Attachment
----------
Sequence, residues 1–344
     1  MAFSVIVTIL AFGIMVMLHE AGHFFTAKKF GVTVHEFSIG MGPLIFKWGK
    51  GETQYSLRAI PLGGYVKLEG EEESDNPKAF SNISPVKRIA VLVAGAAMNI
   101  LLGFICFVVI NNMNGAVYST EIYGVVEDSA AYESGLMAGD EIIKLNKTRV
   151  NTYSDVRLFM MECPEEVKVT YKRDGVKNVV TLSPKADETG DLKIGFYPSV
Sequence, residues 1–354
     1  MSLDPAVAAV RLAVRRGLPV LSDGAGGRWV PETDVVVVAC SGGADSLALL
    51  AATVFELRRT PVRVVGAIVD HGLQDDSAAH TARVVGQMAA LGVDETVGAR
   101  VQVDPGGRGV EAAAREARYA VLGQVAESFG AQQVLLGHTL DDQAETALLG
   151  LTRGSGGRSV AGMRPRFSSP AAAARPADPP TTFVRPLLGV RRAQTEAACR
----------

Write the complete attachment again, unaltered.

Sequence, residues 1–344
     1  MAFSVIVTIL AFGIMVMLHE AGHFFTAKKF GVTVHEFSIG MGPLIFKWGK
    51  GETQYSLRAI PLGGYVKLEG EEESDNPKAF SNISPVKRIA VLVAGAAMNI
   101  LLGFICFVVI NNMNGAVYST EIYGVVEDSA AYESGLMAGD EIIKLNKTRV
   151  NTYSDVRLFM MECPEEVKVT YKRDGVKNVV TLSPKADETG DLKIGFYPSV
Sequence, residues 1–354
     1  MSLDPAVAAV RLAVRRGLPV LSDGAGGRWV PETDVVVVAC SGGADSLALL
    51  AATVFELRRT PVRVVGAIVD HGLQDDSAAH TARVVGQMAA LGVDETVGAR
   101  VQVDPGGRGV EAAAREARYA VLGQVAESFG AQQVLLGHTL DDQAETALLG
   151  LTRGSGGRSV AGMRPRFSSP AAAARPADPP TTFVRPLLGV RRAQTEAACR